The places where these thoughts manifest can be either specific or general, depending on the kind of thought it is. For example, if the thought is expressed in the world of painting, it is specific to the eye; if in music, to the ear and so on. Each of these "worlds" is specific or partial by definition, and in that sense exclusive of the others - Leonardo da Vinci's genius operates in quite a different field to that of Einstein, Shakespeare or Bach.
In the world of human spirituality, originality depends on totality and integration, a unified field of being and knowledge which is by definition all-inclusive of the principles of all other fields. This unity represents, as it were, the very ground that the other fields operate on, like the heart from which all the faculties are derived. Occasionally, rare individuals appear in this world, bringing out the genuinely new regarding the whole human condition, and making it accessible for others. The most evident examples of this are the great prophetic figures of the West, who appear to release a new possibility in human history. These people have gone beyond the norms of what has already been revealed, and have reached a level of true humanity that is not bound by time or place. Of thesecomplete embodiments of the unprecedented, the medieval Arab, Muhyïddïn Ibn 'Arabi, known as the Shaykh al-Akbar (the greatest spiritual master), is one of the most profound exponents.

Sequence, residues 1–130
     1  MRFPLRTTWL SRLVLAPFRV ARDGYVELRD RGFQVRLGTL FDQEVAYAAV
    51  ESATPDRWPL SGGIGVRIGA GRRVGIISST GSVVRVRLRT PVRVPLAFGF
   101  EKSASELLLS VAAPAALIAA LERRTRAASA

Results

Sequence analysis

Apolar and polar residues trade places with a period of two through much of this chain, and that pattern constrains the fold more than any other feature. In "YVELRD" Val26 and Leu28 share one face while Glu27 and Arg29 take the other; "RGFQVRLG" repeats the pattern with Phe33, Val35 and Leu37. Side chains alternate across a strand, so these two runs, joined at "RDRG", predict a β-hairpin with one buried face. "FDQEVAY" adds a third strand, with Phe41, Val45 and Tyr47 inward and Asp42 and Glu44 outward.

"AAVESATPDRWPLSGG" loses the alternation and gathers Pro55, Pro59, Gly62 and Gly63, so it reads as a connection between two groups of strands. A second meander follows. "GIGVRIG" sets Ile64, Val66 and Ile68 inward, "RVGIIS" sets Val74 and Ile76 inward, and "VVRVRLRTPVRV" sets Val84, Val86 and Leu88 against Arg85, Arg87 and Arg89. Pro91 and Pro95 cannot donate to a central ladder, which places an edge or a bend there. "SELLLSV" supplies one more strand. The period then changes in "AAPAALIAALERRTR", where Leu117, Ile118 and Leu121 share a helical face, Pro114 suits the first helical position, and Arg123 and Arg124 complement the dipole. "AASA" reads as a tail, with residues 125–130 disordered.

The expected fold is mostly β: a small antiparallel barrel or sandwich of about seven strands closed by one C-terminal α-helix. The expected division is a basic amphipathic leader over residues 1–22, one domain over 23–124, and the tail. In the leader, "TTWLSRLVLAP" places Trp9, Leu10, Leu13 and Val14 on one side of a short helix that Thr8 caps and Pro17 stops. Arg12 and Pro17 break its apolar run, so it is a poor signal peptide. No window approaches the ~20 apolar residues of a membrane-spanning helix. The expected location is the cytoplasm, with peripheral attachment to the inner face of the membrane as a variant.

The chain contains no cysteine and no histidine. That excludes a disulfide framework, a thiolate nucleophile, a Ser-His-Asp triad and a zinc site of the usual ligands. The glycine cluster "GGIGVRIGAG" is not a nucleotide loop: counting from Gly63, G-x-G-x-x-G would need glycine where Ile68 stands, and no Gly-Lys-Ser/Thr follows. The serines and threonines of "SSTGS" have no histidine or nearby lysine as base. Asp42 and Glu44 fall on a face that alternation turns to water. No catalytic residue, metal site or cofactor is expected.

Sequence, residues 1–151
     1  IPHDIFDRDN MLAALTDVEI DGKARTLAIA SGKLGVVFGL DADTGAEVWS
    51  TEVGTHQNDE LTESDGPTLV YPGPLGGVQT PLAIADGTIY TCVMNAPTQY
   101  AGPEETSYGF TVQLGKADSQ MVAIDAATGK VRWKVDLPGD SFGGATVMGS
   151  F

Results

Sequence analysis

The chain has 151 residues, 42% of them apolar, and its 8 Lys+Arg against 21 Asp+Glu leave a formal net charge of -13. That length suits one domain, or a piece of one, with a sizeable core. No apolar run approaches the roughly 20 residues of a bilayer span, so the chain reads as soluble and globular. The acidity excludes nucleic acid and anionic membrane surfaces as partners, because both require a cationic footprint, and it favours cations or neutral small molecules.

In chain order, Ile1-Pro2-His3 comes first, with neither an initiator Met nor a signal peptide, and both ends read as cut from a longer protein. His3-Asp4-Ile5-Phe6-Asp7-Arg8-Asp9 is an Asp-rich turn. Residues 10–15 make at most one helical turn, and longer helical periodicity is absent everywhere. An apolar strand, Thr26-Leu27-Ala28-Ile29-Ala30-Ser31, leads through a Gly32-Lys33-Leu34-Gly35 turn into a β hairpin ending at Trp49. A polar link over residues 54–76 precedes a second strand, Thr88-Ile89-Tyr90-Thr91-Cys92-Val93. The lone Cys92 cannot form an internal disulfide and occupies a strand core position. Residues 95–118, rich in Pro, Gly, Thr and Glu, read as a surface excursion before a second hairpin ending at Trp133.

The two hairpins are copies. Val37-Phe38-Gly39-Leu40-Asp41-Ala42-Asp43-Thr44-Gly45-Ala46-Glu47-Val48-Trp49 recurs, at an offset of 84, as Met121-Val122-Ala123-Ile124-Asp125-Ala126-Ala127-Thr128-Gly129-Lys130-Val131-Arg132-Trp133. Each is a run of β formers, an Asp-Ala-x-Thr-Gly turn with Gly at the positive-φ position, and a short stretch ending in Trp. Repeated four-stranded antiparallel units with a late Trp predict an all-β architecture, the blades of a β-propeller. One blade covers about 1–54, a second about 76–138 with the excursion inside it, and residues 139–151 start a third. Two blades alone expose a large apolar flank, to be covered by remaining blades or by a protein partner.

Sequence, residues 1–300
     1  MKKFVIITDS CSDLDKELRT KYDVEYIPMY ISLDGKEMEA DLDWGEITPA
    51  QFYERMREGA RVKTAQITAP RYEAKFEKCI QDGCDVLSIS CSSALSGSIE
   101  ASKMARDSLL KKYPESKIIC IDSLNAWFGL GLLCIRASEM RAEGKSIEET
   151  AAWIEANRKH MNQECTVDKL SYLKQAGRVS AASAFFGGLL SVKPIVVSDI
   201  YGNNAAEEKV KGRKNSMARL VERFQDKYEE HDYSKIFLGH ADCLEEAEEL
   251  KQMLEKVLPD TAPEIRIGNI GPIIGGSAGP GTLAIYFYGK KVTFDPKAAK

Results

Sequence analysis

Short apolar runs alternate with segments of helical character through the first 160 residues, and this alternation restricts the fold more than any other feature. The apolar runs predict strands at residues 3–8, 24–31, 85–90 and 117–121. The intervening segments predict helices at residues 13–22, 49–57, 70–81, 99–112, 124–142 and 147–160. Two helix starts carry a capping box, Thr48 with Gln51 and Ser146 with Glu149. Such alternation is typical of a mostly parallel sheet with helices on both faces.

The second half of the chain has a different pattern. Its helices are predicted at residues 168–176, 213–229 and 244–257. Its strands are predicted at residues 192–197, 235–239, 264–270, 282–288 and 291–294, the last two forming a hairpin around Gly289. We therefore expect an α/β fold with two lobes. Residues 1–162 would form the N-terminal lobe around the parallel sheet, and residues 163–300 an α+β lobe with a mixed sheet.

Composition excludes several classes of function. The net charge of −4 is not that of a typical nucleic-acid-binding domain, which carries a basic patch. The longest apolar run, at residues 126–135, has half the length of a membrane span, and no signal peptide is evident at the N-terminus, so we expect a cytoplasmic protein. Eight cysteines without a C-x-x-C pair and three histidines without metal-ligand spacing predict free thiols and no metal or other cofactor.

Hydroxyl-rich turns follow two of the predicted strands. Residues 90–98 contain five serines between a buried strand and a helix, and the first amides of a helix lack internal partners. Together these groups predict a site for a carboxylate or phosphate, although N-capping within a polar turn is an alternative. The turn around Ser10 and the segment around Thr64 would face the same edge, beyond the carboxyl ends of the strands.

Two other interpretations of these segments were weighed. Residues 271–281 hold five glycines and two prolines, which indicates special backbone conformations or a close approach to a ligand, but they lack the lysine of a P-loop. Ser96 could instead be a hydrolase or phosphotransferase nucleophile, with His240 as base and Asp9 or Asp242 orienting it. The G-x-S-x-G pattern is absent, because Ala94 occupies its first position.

Ibn 'Arabi is a unique genius in the world of mystical teaching. Relatively unknown in the West until the twentieth century, he has been revered by Sufi mystics ever since he first burst upon the Islamic world at the turn of the thirteenth century. He wrote over 350 books and treatises, works of the highest quality that deserve to be recognised as classics of Western spirituality. They deal with every facet of spiritual learning, explaining not only all the traditional Islamic sciences of Quran and Hadith (sayings of the Prophet Muhammad) but also the whole prophetic tradition of the West. He portrays this tradition according to its inner significance, and presents it within a completely coherent whole. In addition, he provides a commentary on the spiritual tradition that had developed in Islam over some six centuries, putting all the various doctrines and forms of mystical realisation within the broader context of human spirituality.
The most evident feature of these writings is their universality and breadth, coupled with an astonishing penetration into the central issues of human experience. Few people can claim to have read more than a portion of these works, and even fewer would be bold enough to claim to have understood them. They represent an unparalleled resource for all genuine seekers of Truth, and often openly state, or prefigure, insights more commonly attributed to later figures. For example, the concept of human evolutionary development appears in one of his poems, several centuries before it was taken up in the West.
It is equally clear that his works have a remarkable power to transform the state and mentality of his readers. Ibn 'Arabi has always aroused fierce passions, and his writings have never been considered "easy". The model of sainthood and true spiritual realisation to some, he has also been seen by others as a controversial figure bordering on heresy. All this seems more to reflect or give expression to the prejudices and beliefs in the minds and hearts of his readers, rather than giving a clear picture of his teaching. Like all great geniuses, the real man's identity and principles have often been obscured by ideological controversies or popular misconceptions.